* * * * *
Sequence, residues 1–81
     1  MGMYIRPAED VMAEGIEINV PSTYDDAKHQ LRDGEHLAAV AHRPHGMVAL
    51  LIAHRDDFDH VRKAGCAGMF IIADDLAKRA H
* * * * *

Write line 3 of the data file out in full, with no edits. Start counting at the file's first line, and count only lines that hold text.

    51  LIAHRDDFDH VRKAGCAGMF IIADDLAKRA H